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Attractive packaging draws the eye for good reason

Shelby Niehaus, Columnist

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On Monday at around 11 in the morning, I opened up a nondescript white USPS box and looked down into a unicorn wonderland.

It was a package I had been expecting for several days: a bottle of hair dye that will soon make my hair a matte charcoal. But it was the package’s interior that charmed me more than the actual product.

Inside, the small white box was printed with a glossy cloud scene. Underneath the cover was a pink silhouette of a unicorn’s head, surrounded by chains of roses. A delicate cover of tissue paper, expertly smoothed into tidy folds, covered the dye bottle, which had been strategically placed label-up, nestled in more pink paper.

I was enchanted. The dye was a present to myself for finishing a particularly hard year of school, so I was thrilled to bits just to see it on my doorstep right on time, but the presentation made it nearly magical.

Admittedly, I took too many pictures of it. I sent them to all my friends. Set up in the light of my kitchen window with the pink tissue paper spilling from the corners to reveal the bottle, it looked like a movie prop or something from a modern fairytale. It brightened my morning.

I have always been enamored with good packaging. Right from the time I started to get interested in art, I found myself gravitating toward expensive bottled water with elegant labels, notebooks with even-toned faux suede covers, candy with elaborate wrappers and square-bottled juices.

They were expensive, but my parents indulged me for the most part. They understood me when I gushed about the nice smooth lines of a particularly pretty parcel. It helped that I generally only pestered them for one item—I was far more interested in the bottle than the water inside it.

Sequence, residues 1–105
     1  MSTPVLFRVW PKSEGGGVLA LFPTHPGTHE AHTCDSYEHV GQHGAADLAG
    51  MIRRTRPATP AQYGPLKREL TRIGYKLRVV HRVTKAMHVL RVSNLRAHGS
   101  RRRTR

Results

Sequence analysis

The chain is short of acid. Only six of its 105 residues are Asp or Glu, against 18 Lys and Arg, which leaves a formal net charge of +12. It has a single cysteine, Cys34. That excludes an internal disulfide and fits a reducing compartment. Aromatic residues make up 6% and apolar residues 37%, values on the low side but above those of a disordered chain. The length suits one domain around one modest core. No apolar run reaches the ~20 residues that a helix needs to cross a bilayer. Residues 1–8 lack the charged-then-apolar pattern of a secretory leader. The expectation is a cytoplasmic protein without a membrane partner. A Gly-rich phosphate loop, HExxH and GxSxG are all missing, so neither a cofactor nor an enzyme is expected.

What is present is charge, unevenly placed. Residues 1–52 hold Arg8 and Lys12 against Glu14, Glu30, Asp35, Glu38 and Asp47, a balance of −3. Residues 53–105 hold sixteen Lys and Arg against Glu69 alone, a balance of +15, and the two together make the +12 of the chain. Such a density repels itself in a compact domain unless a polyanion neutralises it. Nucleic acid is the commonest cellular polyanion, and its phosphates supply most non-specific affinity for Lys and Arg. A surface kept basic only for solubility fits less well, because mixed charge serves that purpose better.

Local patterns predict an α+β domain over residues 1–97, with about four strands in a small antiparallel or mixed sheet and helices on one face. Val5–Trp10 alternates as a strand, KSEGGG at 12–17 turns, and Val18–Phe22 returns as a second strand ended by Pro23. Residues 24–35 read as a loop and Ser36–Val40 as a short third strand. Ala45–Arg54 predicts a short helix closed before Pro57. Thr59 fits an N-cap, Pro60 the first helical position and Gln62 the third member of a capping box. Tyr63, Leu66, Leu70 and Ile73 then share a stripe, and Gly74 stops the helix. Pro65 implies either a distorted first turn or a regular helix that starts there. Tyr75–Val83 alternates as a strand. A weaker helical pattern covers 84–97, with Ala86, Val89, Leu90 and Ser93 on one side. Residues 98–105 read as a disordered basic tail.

Sometimes I kept the pretty packages I begged from my parents. I still have a bottle of Kahlua on my dresser for that very reason—a family member was cleaning out a liquor cabinet and I fell in love with the pretty wax seal and red ribbon.

I imagine I must sound like the perfect marketing rube. I must be that person who drives the influx of designer water, you may be thinking, or I am the person companies market to when they want to sell gold-plated AV cables.

Though I love clever or elegant packaging, I do not think of myself as a champagne-taste consumer. I resent lavish bottles that lack artistic direction; if there is any way to make me not buy a product, it would be wasting materials on an inept yet obviously expensive visual.

It can be very easy to start the package design process with elegance in mind, only to wind up with a clumsy, pricy mess. That may be part of the reason I love and respect pretty water bottles and pleasing parcels so much. In a medium driven by plastic and paper, beauty can be hard to capture.

I must also point out that pretty packaging sometimes uses more materials than it needs to. As someone acutely aware of how much trash I produce in a day, this can make me somewhat guilty. For the most part, I reassure myself by promising to reuse bottles and boxes I like.

There is no shame in finding consumer goods beautiful sometimes. Plenty of skilled artists and designers find themselves working for companies and design firms rather than the fine arts scene itself. I like to think noticing a particularly pretty glass bottle or a well-designed clothing label is my way to recognize and appreciate that talent.

 

Shelby Niehaus is a senior English language arts major.

She can be reached at 581-2812 or scniehaus@eiu.edu.

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The student news site of Eastern Illinois University in Charleston, Illinois.
Attractive packaging draws the eye for good reason